❉ Does Evan Know What He’s Talking About? ❉
No, I just read the three books at the bottom. Numbers are ±3 orders of magnitude.
Maybe I would’ve been a real biochem head if my first exposure to it had been the work of David S. Goodsell. Every bio reading and lecture slide I had ever seen depicted proteins as magic blobs, somehow animated into doing all that delicate continuous work by starbursts labeled "ATP", WordArt arrows as the animating force of creation. Goodsell shows the exquisite lil’ mechanics of it all, proteins whirring, yanking, squeezing, linking, walking, frantically jiggling folded chains that make themselves and you.
Goodsell and Peter Hoffmann also revealed something that has never left my mind since: in life "slip" is not only tolerated, but essential. Living things do not "optimize"; they spend to prevent catastrophic outcomes like DNA damage, and let the rest of its machinery be kinda shoddy stuff that works on average and doesn’t down take the whole system if it screws up. (That’s not to say proteins aren’t good at their jobs; most are absurdly efficient, with some motor proteins approaching 88% of energy-in converted to work-out. No machine you can see or touch or manufacture has ever approached that.)
In living cells only a few essential processes are fastidious, and a few ATP-dependent proteins "tightly coupled" where spending some energy means getting some good work each time. The rest of the thousands of proteins come out of the factory a little glitchy, take a few steps back and only on average more steps forward, and through all that tolerate and make use of ten trillion collisions with water molecules per second. Life thrives in chaos, sees what sticks, is very precise in a few domains and catch-as-catch-can for the rest.
An example of a bit of no-slip paired to mostly high-slip: the "central dogma" of biochem, DNA ▶ RNA ▶ the proteins that do the work of sustaining a cell. DNA mutations are neat in the fullness of time, but the next generation damn well better work like its parent or there’d be nothing fighting entropy today. So DNA replication is low-frequency, metabolically expensive and has a lot of checks. The cascade of enzymes that copy DNA make around one error per billion nucleotides, "like copying a thousand books and making only one mistake." Compare that to the high-frequency downstream dirty work of turning information into Life: protein transcription and translation.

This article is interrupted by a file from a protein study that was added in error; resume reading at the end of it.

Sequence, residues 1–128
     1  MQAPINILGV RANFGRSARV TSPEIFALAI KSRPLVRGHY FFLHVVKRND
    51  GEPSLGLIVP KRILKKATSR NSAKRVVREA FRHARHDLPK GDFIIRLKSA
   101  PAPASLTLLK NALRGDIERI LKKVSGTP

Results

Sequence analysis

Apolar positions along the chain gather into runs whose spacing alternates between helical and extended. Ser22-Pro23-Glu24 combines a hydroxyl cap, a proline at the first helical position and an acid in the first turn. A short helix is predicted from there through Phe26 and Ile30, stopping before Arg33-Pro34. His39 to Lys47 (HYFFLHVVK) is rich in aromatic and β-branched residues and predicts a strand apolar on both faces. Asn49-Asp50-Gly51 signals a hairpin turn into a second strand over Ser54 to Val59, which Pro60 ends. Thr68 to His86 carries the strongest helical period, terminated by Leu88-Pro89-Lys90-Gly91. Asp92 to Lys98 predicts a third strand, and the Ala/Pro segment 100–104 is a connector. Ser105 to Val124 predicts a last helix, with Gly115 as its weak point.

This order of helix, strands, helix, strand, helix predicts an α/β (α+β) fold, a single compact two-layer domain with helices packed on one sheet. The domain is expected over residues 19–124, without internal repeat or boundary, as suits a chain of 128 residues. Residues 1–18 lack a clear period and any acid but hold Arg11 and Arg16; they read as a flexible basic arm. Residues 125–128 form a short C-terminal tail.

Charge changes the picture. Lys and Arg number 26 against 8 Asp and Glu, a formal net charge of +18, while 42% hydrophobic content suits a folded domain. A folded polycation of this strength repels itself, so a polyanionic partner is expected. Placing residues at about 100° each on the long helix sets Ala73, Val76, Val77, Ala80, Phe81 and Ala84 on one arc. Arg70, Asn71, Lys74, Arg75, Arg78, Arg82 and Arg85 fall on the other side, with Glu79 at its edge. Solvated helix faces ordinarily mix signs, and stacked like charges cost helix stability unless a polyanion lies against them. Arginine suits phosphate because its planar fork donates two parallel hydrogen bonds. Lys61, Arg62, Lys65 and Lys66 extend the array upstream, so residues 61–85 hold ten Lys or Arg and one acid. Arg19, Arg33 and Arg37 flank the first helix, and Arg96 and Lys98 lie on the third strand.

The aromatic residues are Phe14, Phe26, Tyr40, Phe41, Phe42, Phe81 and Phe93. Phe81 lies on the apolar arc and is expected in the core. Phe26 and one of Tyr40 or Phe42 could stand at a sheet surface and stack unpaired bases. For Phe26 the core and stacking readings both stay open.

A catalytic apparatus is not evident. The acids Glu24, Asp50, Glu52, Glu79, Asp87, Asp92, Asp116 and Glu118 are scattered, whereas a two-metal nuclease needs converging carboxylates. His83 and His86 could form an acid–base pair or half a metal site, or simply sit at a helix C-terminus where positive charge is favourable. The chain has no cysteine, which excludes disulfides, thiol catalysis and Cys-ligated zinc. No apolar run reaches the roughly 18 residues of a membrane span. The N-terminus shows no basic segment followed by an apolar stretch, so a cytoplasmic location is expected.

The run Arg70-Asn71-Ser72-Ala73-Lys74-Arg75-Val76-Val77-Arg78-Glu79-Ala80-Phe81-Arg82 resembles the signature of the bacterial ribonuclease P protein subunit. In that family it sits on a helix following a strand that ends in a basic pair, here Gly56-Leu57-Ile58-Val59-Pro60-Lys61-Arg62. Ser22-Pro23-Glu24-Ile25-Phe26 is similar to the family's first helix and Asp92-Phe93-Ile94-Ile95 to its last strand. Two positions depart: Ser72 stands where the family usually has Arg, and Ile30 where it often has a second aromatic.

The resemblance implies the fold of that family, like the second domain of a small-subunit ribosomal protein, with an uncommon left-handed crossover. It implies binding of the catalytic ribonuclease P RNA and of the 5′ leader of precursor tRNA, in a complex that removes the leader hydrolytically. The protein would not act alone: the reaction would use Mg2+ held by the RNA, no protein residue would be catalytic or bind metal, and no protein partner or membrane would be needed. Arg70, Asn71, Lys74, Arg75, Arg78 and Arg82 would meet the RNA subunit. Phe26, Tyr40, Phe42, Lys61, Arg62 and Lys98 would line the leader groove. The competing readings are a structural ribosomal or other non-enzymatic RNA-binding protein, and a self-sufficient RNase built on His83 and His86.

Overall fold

In the first step of making proteins, enzymes read DNA and make messenger RNA. These enzymes average one error per 10,000 nucleotides. That means the DNA ▶ mRNA process has one hundred thousand times as many fuckups as DNA ▶ DNA, which means about half of all RNA strands have mistakes. And it just gets sloppier: ribosomes put one wrong amino acid in the chain for every 10,000 it has to link, so at the end of all this one out of every 24 proteins has a misplaced amino acid.
All those errors are, tautologically since I can write this down and you can read it, very okay. While a DNA screwup can kill a cell outright or permanently weaken its descendants, errors in RNA transcription and protein translation are non-lethal. Even good RNA is short-lived and disposable, so bad strands don’t make a lot of proteins or might not even work at all in the ribosome. And all proteins have a certain, mostly-brief working life. Malformed proteins get diced up and recycled pretty fast, so they don’t have a lot of time to do damage. Finally the information flows only one way: when you forget the eggs and make a nasty cake, the recipe doesn’t update to keep your error. Same deal here. A bad protein doesn’t reach into the nucleus and change the instructions to make it.
I think that’s so cool! Life is a few bits of careful work coupled to an insane number of non-lethal, low-cost mistakes. I’m not kidding when I say that is lovely advice.
The Machinery of Life, David S. Goodsell
Our Molecular Nature: The Body’s Motors, Machines and Messages, David S. Goodsell
Life’s Ratchet: How Molecular Machines Extract Order from Chaos, Peter M. Hoffmann